Over winter break last year, I had the good fortune to listen to a woman by the name of Minu speak about the year 2020 and the held knowledge about time collapse. Minu was an Indian from India and she was very well versed with her work with the prime minister.
In her talk she kept referring to the changes we would see in 2020 and what I call space-time when she spoke of a time collapse. I have reflected on her discussion several times, and what I know from an Indigenous perspective is that the people see no change throughout time regarding the use and purpose of prayer, the original teachings and Indigenous knowledge. Perhaps, some teachings are older than others, regardless, they still fill the need for today’s concerns.
As a result of all of this, I began to question the importance we give to linear time that in truth has no significance on sacred knowledge. It is the intention, or the mindset that is of significance, because your mind is the creator of your reality. When I applied this thinking to her words, I began to see that some events reoccur over and over in different time periods and that these events are shown to the people to teach them something.
In my culture, we believe that whenever a ceremonial or special event is reenacted that it is just as sacred as it was the first time it occurred. In my opinion this is part of the time collapse message, that some people may understand because it is a way of bringing the past into the present.
Another thought that occurred to me is that in order for Indigenous people to move forward among all of the social, sociocultural and environmental changes that are currently taking place, we need to go back and return to our original teachings. I have always believed that a lot of our solutions are already there and can be found in our original teachings and our traditional forms of governments. If you genuinely return to that knowledge there is no time involved, just the presence of something that has never really left us.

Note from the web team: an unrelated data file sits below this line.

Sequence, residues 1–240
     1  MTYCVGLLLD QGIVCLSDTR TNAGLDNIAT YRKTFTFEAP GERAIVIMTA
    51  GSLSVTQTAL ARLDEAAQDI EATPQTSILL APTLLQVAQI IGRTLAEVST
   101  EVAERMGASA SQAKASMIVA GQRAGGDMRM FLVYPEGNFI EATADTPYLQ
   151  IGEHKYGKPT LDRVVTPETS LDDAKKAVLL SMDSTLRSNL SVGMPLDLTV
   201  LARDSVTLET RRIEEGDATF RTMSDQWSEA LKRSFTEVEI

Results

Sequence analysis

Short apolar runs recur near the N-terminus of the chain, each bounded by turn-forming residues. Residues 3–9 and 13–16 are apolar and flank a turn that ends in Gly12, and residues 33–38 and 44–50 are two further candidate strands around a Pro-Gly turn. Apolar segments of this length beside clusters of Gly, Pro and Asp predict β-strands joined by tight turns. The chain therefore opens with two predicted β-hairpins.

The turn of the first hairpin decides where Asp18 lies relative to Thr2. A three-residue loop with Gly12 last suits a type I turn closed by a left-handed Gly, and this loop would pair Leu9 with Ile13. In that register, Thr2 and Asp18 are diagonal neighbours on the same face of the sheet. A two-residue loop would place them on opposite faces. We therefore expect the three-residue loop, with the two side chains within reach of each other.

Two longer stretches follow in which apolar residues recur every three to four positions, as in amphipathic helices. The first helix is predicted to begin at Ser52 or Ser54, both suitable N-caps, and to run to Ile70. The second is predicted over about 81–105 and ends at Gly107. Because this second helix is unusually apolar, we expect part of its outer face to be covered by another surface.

From generation to generation most Indigenous people are taught that it is our spirituality and connection to the land that gives us our identity. Spirituality is forever present and the land in its natural form and in its own way does not change with time. The changes we see today are man-made, many of the man-made changes come from a linear construct for the purpose of capital gain and control.
Due to our sociopolitical climate in this country many Indigenous people are seen as adversarial. I do not believe that most Indigenous people are adversarial, but they are deliberately expressing and understanding that the western system does not rely on the spirit, rather it is the work of the corporate mind.
What we have learned about climate change and COVID-19 (I believe they go hand in hand) is that society will require a change in values. The only thing we know for certain is that nature will be the deciding factor of our survival. Pandemically speaking, hundreds of thousands of COVID-19 victims are sick because all around the globe the mother earth is sick. We are mirrors of our environments.
I leave you with a quote from Dr. David Courchene, Jr. Anishnaabe: “There is nothing more important in today’s reality, than what is happening to the environment. Climate change is the symptom of the human condition in how we lack basic kindness in how we treat each other and how we treat the land.”
Vivian Delgado is a professor of Native American studies at Bemidji State University.